Uber Has a New CEO

New Uber Boss Dara Khosrowshahi

Did you hear the news? Uber has a new CEO! Other than Uber's 180 Days of Change, things probably won't change right away for drivers, but there will definitely be some sort of shakeup over at Uber HQ. Today, we cover Uber's new CEO - who he is, his background and what you need to know about him.

This is what new Uber boss Dara Khosrowshahi will face on his first day: A queue of angry regulators in many countries suspicious about Uber’s practices; a lawsuit with Google’s corporate cousin over Uber’s driverless car program; drivers angry about how Uber treats them; a workforce demoralized by months of bad headlines and a sick corporate culture; a board of directors spewing more venom than the characters in the “Valley of the Dolls,” and a founder with outsize voting power who has seen himself as a CEO in waiting, and appears willing to smear anyone who disagrees with him. Why would anyone want to be CEO of this mess?


Uber's New CEO Inherits an Identity Crisis

Sum and Substance: Uber Technologies Inc. has finally settled on a new CEO after a lengthy and messy fight over whose vision of the company should win out. The even harder part starts now. Uber needs to decide whether it’s a grown-up company that will start building a sustainable, profitable business suitable for a public company, or if it’s still in a teenage phase of spending like mad to push into every country and new area of business it can…

Another of the pressing questions for the company is whether to accept the offers of SoftBank and other firms eager to buy Uber shares — preferably at a steep discount — from the company’s existing investors. The big deal is how such a transaction might alter the makeup of the company’s investor base, and whether that would soothe some of the company’s internal feuds — or make them worse…

The new CEO’s most important role, then, is to play peacemaker-in-chief. That is in addition to all the other most important decisions. Good luck. He’s going to need it.

Our Take: Yes, it appears that Dara Khosrowshahi will have a very long To Do list as Uber’s new CEO. Bloomberg, as always, provides one of the most incisive analyses of the challenges facing Uber as it moves from its TK phase to its DK phase.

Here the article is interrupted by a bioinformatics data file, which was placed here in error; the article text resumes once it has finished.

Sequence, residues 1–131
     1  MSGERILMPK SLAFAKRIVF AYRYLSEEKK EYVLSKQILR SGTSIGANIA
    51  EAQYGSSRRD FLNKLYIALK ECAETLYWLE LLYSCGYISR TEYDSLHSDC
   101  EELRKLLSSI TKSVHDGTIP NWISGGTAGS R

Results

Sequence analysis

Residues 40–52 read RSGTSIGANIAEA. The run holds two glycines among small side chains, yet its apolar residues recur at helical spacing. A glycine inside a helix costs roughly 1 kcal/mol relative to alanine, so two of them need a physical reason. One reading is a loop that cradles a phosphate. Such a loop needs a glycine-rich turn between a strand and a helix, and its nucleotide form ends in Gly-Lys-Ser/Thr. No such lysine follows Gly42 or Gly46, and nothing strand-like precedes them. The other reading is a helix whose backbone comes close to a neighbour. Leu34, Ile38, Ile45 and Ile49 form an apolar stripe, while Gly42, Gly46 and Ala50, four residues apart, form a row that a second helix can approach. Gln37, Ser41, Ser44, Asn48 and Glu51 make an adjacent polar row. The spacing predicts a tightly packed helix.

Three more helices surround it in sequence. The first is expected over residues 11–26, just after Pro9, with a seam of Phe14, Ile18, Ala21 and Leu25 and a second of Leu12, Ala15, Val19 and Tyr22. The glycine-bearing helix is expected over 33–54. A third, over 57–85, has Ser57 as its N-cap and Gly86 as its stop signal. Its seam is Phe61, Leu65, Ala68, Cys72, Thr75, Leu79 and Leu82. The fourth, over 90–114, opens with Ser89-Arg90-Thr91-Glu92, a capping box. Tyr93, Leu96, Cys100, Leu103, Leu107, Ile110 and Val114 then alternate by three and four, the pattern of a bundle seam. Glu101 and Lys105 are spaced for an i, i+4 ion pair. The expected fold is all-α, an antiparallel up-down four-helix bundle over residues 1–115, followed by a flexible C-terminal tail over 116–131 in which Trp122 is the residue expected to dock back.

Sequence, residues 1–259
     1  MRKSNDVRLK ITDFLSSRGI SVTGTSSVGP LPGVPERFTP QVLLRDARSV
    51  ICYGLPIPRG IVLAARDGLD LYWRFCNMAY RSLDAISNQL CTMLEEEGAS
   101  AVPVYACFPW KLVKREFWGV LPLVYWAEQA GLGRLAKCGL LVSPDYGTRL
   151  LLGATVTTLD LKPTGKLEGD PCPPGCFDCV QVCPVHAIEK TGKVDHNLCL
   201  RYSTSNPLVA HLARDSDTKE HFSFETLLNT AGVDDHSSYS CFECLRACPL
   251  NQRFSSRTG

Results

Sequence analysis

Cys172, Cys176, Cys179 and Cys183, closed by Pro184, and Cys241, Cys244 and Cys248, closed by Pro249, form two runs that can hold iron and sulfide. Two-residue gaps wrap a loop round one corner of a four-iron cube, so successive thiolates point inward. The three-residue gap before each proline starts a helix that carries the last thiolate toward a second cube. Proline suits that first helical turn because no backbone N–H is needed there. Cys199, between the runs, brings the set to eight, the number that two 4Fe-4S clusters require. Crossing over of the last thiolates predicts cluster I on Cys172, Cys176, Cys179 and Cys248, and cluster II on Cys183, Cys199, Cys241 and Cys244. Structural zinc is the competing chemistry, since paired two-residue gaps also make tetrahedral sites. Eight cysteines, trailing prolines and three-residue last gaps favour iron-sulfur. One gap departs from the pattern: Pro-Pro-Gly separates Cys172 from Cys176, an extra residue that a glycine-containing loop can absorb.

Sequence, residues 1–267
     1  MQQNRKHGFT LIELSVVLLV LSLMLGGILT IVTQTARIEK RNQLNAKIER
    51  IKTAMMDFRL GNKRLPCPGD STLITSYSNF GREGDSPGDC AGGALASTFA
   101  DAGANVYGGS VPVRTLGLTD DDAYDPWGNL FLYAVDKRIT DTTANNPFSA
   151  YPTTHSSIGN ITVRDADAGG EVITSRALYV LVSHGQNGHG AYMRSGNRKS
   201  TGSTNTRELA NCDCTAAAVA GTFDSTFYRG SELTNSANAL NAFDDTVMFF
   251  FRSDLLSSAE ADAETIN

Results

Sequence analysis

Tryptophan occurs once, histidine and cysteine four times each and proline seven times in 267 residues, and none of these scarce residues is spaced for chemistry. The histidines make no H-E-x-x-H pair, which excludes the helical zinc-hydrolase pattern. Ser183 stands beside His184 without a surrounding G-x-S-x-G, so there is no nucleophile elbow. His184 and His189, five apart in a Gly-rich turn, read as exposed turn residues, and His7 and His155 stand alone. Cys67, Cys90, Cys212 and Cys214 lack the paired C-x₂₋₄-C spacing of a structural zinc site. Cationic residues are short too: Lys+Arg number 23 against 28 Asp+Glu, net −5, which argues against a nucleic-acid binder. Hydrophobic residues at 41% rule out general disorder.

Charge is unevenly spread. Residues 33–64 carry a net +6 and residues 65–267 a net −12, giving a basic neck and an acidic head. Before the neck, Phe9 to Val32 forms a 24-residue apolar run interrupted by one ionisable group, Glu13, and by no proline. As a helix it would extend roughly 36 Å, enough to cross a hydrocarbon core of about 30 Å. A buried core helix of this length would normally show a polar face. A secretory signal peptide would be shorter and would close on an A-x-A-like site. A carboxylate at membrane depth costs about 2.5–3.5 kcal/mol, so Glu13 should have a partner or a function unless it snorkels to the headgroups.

But I found one thing notably missing from this article – the driver perspective. One of our regular reader recently suggested that Uber’s new CEO and all important new hires be required to spend at least a week behind the wheel before starting their job. I’m not sure that’s possible given everything else on his plate, but unless DK gets a good understanding of the perspective of drivers, he’s not really going to understand the real challenges facing Uber.

Drivers are what makes this company what it is. The sooner DK understands that – the better off both he and Uber will be. Here’s an excerpt from Scott Myers in a letter to DK sent this past week, “The next CEO of Uber should not take this position because of ego, enhancing one’s legacy, or for further financial gain. The ‘elephant in the room’ of Uber is its business model, which is totally dependent, for at least the next ten years, on the continued exploitation of the ‘independent contractor’ drivers, who barely earn minimum wage with NO BENEFITS. If the next CEO can’t remedy this problem, then that CEO will live in infamy.”


Sum and Substance: Khosrowshahi, who has worked at Expedia for 12 years, will bring some of Kalanick’s aggressive drive back to a company that has been leaderless since June. The 48-year-old executive got his start in finance at Allen & Co. before joining I.A.C., where he became a protege of Barry Diller.

The former refugee, who fled the Iranian Revolution for the United States when he was 9 years old, was once described as a “ruthless deal maker,” though he’s since become more “approachable.” Khosrowshahi, who has a reputation as a good leader, made $2.45 million as the head of Expedia in 2016; the year before, he made $94.6 million because he entered into a long-term employment agreement with Expedia, making him the highest-paid U.S. C.E.O. that year. Expedia’s stock is up 32 percent this year.

He sits on the boards of The New York Times and Fanatics, a billion-dollar sports retailer that Masayoshi Son’s SoftBank invested in earlier this month (SoftBank is in consideration for a stake in Uber, too). Khosrowshahi, who has shown some interest in autonomous technology, is no stranger to the transportation space; he’s an investor in Convoy, an “Uber for trucking” start-up that essentially rivals Uber’s own Uber Freight.